“In 1963 I was working. RSG! represented the time when we were in the business we wanted to be in and RSG! on a Friday night the Green Room was the meeting place of all those similarly blessed,” Andrew Loog Oldham recalled to me in my 2004 book, Hollywood Shack Job: Rock Music In Film and on Your Screen.

   “Vicki Wickham booked the show from late 1963 to December 1967. Michael Lindsay-Hogg directed it, and tried new techniques like stop action and freeze frame while the band was on camera.

“Save to say I still communicate with both of them so that tells you the lot. You were dealing with nice people. None of the people had an agenda. On the show, the visuals propelled the music.”

“On RSG! Andrew had some ideas about lighting and shots,” offered Lindsay-Hogg. “One evening at the Ad Lib club I met up with Andrew and we agreed to debut a couple of new songs he was hyped about, including ‘Satisfaction.’”

“When The Stones did ‘Paint, It Black,’ we put camera effects on Mick’s face and made it darker and darker,” emphasized Lindsay-Hogg. “We were broadcasting live. It felt dangerous and primitive.

“The cameraman, Bruce Gowers, later did the great video of Queen’s ‘Bohemian Rhapsody,’ which was a very calculated video.

“With RSG! it was about as much about the technique as the performer. In the early RSG! stages I was always thinking about the performer and somehow marrying the technique to them. If the performer was Mick Jagger and John Lennon you don’t want to get in the way too much.

“Mick is a very bright person and he always has been,” observed Lindsay-Hogg. “And Mick, when was a younger man was as keen to know what was going on in the world. He read a lot. Or at least he said he did. And was into movies, and Andrew was very much interested in movies and presentation.

“He had been trying to figure out how to make a movie with The Rolling Stones, which Mick and Keith were interested in. Because in those days, even though rock ‘n’ roll was coming to mean what it came to mean, movies were still sort of the art form going back to comedies. So Andrew was always trying to find a book or a script. And Mick went on to act in Performance and Ned Kelly.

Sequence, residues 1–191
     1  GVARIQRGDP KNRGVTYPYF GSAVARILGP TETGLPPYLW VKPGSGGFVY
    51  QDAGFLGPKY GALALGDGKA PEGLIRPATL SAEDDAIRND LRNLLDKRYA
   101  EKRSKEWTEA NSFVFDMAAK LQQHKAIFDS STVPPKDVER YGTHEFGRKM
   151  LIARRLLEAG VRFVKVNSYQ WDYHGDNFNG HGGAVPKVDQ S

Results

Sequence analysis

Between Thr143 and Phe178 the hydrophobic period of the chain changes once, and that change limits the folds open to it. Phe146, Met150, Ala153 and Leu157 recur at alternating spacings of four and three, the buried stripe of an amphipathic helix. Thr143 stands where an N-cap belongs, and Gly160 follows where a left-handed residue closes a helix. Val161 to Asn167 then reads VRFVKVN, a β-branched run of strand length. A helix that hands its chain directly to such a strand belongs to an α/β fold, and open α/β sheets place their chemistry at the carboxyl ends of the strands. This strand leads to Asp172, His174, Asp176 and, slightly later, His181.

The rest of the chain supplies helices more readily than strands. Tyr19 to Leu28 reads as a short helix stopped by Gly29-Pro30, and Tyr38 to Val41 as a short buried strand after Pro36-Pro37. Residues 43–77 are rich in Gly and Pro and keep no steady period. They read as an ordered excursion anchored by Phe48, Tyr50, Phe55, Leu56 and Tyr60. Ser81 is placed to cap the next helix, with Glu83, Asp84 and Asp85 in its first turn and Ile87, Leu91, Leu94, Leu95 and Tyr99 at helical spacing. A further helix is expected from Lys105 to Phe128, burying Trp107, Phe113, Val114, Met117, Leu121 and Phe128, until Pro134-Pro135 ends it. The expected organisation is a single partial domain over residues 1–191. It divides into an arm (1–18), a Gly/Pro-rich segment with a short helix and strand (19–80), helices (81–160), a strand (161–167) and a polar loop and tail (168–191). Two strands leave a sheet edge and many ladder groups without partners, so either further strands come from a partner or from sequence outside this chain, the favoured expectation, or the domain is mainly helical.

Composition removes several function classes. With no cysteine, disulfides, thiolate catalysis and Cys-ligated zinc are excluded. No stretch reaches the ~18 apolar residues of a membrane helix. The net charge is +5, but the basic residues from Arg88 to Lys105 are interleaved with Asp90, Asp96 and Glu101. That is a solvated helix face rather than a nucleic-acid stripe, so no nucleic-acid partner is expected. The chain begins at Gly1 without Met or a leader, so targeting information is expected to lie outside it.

RSG! went off the air in 1966 when the video was music promotion for the record to be out. 1967 was a difficult year for the Rolling Stones. The set-up drug arrest in Redlands. Touring was becoming a headache.

“In 1966 I had done earlier videos of the Beatles’ ‘Rain,’ and ‘Paperback Rider.” And Mick knew that. And it always was between The Beatles and The Rolling Stones,” admitted Lindsay-Hogg.

“The music video had been around. There were earlier attempts. Scopitone. [A jukebox 16 mm film]. The first Scopitone ones were made in French. Lip-sync to a pre-recorded track. Used to be seen in bars or in diners with French acts [Serge Gainsbourg, Johnny Hallyday] miming to rock ‘n’ roll videos.

“There was Dick Clark‘s American Bandstand. I used to watch it in the fifties, Jack Good, the wonderful producer and director of Shindig! and Hullabaloo.

“Mick was always thinking of the next step. ‘Because we can.’ That is to say ‘we’re strong enough and powerful enough like The Beatles are. And this is the way to get our song out to most of the plug shows who were gonna play it. Because they want the Rolling Stones. What do we do? How can we do it?’ And I asked what song they had. ‘Jumpin’ Jack Flash.’ ‘OK. Let’s hear it.’

“And we went out on a Saturday and we did it and then another version of it. And Brian Jones went over to the makeup table and started messing around with makeup and I said to Keith ‘Go over there.’ And, after a while they got into it.